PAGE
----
Summons OK’d for DOC personnel named in inmate’s lawsuit
The U.S. District Court for the NMI has ordered the U.S Marshals Service to summon Department of Corrections officers who are named in a lawsuit filed by an inmate who alleges that his Eighth Amendment right was violated.
U.S. District Court for the NMI Chief Judge Ramona V. Manglona has approved Lin Zhou You’s application to proceed with his complaint against DOC officers who allegedly subjected him to cruel and unusual punishment, leading to his assault in the hands of another inmate. Lin submitted his application as an indigent (forma pauperis).
The court also ordered the U.S Marshals Service to issue the summons for the named defendants in Lin’s suit.
“Having reviewed Lin’s application, the court grants Lin’s application to proceed in forma pauperis. Moreover, because Lin states a claim upon which relief may be granted, the court directs that the complaint be served with summonses by the U.S. Marshals Services,” she said.
Lin, who is serving time for assaulting his girlfriend in 2020, named Corrections Commissioner Wally Villagomez, DOC director Georgia Cabrera, and prison guard Peter Lieto as defendants in his lawsuit.
According to the complaint, Lin said he was sitting on a chair by a table in Pod 2 Section F on Dec. 5, 2020, when inmate Peter Blas assaulted him by choking him on the neck for about 10 seconds during which he was unable to breathe. He said he was a pretrial detainee at the time of the incident but was placed with sentenced inmates.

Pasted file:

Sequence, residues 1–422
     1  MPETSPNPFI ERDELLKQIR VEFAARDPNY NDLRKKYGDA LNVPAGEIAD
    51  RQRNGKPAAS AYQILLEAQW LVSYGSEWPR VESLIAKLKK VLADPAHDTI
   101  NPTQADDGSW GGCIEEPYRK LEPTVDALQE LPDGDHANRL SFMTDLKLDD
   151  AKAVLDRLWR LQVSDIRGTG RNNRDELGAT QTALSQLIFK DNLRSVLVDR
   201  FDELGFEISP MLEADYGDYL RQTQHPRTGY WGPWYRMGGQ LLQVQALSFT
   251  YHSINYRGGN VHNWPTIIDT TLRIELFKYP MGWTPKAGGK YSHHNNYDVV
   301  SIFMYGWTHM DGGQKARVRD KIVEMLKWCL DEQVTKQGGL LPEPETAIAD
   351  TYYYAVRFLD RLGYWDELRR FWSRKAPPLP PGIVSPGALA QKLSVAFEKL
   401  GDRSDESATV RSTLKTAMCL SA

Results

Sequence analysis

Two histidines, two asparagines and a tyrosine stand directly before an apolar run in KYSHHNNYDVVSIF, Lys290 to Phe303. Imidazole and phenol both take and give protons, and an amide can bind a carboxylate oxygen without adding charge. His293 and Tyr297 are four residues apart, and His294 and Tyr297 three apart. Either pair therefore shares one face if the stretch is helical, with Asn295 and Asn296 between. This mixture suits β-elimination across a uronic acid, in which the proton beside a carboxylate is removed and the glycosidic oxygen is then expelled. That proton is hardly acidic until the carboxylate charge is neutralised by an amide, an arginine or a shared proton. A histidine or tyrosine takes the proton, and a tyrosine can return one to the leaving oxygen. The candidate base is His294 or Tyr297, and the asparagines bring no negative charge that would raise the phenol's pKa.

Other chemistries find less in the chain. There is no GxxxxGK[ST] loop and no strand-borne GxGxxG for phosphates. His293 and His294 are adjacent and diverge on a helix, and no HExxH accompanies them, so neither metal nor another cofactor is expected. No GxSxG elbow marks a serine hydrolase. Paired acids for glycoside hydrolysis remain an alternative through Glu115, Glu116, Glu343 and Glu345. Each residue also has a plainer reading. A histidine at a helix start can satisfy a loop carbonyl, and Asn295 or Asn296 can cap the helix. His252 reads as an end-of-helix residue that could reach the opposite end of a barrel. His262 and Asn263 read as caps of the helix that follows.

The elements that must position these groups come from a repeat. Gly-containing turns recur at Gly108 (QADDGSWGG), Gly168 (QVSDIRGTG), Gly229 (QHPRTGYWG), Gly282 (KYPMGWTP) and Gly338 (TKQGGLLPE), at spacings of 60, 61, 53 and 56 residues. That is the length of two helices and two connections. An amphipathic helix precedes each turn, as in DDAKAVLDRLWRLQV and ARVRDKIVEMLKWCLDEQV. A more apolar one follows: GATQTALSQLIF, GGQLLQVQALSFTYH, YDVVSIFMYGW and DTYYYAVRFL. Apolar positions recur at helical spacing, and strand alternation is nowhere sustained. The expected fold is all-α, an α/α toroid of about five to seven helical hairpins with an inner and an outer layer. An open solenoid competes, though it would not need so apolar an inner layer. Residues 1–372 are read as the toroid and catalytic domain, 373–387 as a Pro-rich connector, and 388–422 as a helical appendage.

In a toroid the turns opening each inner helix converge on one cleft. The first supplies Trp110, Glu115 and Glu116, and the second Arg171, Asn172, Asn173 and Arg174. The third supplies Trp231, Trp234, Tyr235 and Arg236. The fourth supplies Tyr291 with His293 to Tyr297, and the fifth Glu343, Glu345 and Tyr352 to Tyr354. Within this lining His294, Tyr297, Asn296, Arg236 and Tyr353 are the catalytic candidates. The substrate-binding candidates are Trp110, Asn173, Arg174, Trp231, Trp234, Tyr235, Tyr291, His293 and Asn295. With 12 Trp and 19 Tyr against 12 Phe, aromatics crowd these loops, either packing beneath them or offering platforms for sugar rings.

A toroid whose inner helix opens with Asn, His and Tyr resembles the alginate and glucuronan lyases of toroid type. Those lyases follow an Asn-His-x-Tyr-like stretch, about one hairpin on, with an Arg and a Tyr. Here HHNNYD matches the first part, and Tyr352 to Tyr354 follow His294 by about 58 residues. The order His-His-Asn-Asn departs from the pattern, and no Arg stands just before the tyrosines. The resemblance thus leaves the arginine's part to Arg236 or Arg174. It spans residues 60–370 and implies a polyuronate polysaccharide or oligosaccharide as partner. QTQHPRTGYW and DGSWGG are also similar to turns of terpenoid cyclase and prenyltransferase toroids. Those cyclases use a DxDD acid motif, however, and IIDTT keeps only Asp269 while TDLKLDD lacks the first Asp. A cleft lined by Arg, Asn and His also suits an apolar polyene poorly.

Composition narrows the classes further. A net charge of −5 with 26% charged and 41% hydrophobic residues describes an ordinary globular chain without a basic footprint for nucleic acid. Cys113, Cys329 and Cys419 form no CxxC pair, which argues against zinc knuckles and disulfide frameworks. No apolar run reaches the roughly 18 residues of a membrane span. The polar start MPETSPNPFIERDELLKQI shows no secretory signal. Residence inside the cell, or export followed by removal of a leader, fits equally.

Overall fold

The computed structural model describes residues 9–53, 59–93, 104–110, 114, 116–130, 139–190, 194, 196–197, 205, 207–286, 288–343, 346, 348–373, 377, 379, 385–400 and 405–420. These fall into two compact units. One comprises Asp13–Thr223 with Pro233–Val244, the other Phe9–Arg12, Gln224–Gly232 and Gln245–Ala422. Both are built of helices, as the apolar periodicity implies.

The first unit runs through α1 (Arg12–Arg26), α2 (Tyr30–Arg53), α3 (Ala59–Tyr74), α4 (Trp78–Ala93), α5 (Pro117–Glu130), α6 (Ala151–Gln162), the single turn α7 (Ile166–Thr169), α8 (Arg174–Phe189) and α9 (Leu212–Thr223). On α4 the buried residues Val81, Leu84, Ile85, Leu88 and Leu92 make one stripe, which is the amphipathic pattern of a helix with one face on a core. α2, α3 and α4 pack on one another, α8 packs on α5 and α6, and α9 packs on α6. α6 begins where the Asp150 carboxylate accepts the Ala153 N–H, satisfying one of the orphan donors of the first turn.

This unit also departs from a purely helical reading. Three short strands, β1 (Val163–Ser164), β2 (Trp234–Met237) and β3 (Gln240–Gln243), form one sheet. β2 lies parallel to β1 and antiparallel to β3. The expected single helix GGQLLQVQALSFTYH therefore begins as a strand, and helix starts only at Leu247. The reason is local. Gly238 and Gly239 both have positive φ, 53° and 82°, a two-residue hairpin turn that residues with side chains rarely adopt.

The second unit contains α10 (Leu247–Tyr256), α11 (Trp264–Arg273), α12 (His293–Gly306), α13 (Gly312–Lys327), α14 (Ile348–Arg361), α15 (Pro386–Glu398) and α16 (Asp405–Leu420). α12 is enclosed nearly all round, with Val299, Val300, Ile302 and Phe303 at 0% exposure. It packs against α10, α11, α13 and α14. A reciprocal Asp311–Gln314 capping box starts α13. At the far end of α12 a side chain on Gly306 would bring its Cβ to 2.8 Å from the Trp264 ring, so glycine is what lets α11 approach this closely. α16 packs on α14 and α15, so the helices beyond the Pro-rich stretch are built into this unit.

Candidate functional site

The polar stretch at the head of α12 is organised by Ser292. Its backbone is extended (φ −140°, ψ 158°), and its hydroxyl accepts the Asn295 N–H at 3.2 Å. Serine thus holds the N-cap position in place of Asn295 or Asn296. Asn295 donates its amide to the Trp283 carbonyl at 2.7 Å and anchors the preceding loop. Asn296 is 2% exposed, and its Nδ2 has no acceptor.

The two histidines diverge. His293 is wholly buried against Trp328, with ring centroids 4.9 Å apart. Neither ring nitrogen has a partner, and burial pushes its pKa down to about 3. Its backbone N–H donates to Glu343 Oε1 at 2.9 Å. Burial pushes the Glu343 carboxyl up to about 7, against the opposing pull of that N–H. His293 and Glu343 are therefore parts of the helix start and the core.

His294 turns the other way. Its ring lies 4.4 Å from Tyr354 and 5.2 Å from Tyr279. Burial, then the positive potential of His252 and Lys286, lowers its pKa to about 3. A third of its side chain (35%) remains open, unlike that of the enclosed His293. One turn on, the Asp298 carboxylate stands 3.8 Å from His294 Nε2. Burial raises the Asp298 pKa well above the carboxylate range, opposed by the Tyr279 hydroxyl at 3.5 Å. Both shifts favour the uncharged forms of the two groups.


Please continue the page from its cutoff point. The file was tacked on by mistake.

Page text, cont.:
He also alleged that at the time of the incident, Peter Lieto, who was the section officer, was not at the duty station. Lin said this violated Corrections regulations requiring a duty officer to be present at all times during an activity.
“The defendants were acting under the color of law when they violated [my] Eighth Amendment right against cruel and unusual punishment,” said Lin.
Lin also alleged that the defendants’ actions violated the United Nations’ Standard Minimum Rules on the Treatment of Prisoners and violated his rights under the CNMI Constitution.
He said that, as a result of the incident, he suffered trauma and was often taken to the hospital for pain on his hands, head, and fingers. He said he also continues to suffer depression, severe pain, and excruciating headaches.
Lin is seeking compensatory and punitive damages for his injuries and pain and suffering, including emotional distress, in a total amount of $100,000.